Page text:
I WAS asked to be a regular contributor to a BBC programme but after being ambushed on the issue of the day – transgender rights – and stating that I don’t think it is a good idea to encourage five-year-olds to choose one of 26 genders, I found myself quietly removed (without being told, I was just ‘uninvited’). There was a social media hate campaign that attacked me because of my ‘hateful’ views. It’s ironic that sometimes the best place to experience hate is to go to an anti-hate rally.
In the name of tolerance, the social media mob demand intolerance of anyone who does not share their views. In the name of freedom they insist anyone who does not agree with them should be removed. I recall one incident where a school was being bracketed for attack by a militant secularist group because it had someone who believed the world was created by God.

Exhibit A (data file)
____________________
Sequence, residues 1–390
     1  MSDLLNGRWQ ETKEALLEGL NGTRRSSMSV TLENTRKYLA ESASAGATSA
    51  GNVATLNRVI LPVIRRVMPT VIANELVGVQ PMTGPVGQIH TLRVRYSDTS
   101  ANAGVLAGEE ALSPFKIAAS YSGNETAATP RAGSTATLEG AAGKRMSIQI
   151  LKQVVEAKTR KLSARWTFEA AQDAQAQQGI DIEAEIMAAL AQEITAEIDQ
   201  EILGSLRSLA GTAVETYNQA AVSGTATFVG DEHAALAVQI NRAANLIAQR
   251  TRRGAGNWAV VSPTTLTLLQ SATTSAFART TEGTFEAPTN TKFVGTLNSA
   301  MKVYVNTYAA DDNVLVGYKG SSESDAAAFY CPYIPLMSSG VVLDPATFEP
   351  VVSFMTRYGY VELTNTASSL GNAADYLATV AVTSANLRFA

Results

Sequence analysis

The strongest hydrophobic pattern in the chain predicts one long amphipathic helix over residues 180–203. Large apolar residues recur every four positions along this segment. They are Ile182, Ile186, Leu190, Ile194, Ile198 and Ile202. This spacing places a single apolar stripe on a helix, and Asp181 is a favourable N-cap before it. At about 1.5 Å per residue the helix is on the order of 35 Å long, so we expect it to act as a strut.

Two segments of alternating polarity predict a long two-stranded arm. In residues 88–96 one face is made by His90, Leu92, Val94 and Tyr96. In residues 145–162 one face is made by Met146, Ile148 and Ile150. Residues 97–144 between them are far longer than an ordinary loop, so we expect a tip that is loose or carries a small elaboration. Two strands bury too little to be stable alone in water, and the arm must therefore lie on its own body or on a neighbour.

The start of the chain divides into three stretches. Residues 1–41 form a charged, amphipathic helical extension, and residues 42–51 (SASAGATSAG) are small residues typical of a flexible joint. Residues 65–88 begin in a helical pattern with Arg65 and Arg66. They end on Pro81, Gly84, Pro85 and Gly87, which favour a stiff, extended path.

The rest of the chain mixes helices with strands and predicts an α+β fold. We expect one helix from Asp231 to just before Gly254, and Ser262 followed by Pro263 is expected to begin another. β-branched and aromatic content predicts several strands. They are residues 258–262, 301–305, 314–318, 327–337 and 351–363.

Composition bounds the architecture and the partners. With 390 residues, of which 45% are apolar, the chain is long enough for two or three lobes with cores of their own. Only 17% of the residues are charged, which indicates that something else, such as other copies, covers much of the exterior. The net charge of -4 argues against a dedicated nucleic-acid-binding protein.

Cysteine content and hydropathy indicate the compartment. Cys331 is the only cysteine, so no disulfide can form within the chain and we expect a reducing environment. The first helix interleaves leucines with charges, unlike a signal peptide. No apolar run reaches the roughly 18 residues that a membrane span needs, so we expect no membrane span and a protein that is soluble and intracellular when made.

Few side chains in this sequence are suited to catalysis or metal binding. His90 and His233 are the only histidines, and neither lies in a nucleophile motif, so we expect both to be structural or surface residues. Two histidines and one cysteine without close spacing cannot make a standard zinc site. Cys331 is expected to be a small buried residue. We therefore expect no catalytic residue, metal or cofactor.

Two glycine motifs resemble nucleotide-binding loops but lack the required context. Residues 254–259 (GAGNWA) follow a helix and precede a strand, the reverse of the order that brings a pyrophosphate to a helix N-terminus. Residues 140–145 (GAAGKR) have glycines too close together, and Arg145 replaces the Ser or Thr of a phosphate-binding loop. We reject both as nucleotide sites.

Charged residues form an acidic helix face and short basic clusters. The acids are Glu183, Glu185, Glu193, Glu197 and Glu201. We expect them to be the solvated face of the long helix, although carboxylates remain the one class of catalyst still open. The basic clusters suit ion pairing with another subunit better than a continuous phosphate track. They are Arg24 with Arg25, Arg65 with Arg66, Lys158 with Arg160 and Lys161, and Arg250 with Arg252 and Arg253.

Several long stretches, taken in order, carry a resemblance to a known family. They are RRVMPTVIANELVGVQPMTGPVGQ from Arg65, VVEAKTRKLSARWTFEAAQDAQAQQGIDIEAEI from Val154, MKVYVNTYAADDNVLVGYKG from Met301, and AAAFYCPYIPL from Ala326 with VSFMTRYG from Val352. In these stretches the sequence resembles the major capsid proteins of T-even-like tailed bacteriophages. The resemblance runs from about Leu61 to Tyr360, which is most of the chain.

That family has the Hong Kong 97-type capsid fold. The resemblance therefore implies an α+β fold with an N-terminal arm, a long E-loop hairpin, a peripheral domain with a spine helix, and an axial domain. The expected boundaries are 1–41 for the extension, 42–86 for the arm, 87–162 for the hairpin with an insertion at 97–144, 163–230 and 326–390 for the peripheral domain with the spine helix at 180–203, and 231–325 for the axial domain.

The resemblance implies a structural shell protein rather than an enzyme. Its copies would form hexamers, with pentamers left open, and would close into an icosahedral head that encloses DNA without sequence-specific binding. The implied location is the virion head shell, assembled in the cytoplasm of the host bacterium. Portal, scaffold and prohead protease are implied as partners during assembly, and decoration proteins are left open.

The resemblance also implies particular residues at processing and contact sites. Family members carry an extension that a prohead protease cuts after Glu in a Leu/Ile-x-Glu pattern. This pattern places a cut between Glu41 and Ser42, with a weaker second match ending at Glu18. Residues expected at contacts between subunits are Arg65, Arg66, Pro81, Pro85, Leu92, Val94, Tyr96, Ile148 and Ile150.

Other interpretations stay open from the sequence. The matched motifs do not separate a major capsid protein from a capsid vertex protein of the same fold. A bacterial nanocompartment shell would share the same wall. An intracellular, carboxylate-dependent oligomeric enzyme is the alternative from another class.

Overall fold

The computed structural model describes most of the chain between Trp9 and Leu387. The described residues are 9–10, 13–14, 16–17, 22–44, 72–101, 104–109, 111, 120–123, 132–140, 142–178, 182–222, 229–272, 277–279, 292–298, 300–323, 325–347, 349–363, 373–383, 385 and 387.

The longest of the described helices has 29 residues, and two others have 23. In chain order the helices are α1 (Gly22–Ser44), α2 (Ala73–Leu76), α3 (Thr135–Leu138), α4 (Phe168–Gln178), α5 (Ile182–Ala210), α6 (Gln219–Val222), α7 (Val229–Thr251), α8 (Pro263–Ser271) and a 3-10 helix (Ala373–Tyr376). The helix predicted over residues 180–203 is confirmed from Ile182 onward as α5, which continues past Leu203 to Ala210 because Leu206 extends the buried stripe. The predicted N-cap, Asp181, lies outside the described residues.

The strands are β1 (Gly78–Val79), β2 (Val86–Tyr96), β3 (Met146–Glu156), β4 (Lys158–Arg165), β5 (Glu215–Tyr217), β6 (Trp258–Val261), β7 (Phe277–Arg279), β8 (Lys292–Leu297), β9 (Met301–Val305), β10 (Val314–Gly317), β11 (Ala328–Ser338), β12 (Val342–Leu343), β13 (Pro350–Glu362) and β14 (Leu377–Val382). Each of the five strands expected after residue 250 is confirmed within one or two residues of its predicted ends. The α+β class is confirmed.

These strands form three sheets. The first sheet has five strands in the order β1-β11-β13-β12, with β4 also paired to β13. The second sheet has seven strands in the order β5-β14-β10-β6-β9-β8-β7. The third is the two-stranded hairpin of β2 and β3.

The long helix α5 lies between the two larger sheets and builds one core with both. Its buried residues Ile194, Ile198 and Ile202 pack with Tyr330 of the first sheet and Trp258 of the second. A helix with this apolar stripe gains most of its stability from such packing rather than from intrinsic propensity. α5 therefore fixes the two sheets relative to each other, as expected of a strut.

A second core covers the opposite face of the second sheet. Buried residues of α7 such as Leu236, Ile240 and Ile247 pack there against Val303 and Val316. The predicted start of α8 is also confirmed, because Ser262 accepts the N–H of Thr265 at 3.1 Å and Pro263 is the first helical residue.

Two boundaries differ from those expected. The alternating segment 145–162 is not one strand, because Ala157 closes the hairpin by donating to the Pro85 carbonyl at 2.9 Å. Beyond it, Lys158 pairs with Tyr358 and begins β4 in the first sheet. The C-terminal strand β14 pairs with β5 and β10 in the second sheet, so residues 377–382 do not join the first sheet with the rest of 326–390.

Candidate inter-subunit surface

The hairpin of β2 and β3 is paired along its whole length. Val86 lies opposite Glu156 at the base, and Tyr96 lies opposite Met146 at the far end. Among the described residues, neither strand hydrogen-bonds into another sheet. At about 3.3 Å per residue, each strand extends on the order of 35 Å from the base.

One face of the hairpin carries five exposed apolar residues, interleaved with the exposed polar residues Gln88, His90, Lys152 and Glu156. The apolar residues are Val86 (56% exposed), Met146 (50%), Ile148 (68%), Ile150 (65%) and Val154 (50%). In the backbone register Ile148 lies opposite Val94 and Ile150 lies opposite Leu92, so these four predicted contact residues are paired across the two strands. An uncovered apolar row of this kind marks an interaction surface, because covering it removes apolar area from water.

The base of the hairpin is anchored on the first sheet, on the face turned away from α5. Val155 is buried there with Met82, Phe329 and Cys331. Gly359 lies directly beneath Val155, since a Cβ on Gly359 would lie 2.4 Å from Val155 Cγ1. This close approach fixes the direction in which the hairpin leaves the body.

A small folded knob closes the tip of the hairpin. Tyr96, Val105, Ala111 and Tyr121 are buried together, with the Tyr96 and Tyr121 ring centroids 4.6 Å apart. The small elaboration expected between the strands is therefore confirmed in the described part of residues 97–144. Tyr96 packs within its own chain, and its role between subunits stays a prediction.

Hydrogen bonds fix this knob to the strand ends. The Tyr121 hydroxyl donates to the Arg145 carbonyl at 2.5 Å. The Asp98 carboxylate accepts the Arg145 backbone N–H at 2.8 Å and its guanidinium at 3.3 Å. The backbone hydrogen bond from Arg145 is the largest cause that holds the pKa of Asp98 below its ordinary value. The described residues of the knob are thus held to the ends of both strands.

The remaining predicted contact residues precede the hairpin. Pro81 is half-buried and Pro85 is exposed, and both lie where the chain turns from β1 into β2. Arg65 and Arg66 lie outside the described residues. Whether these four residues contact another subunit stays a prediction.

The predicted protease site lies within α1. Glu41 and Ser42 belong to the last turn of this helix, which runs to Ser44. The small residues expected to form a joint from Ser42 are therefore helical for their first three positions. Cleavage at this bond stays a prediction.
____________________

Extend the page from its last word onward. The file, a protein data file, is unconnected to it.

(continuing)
Or think of last week’s fuss about the appointment of Baptist Christian Dan Walker as presenter of BBC Breakfast. Apparently this was such big news that it warranted several articles in the mainstream broadsheets questioning how someone who believes in a Creator and that Sunday is special could present the news ‘impartially’. Cue social media hysteria.
I happen genuinely to believe in the real British values of freedom, tolerance, equality and diversity. I also believe these fruits have come from the roots of our Christian heritage. Incidentally, I was once banned by a BBC Scotland Thought for the Day producer who said I was not allowed to speak about Britain’s Christian heritage because it might offend someone.
My concern is that once we remove the roots, it will not be long before we lose the fruits.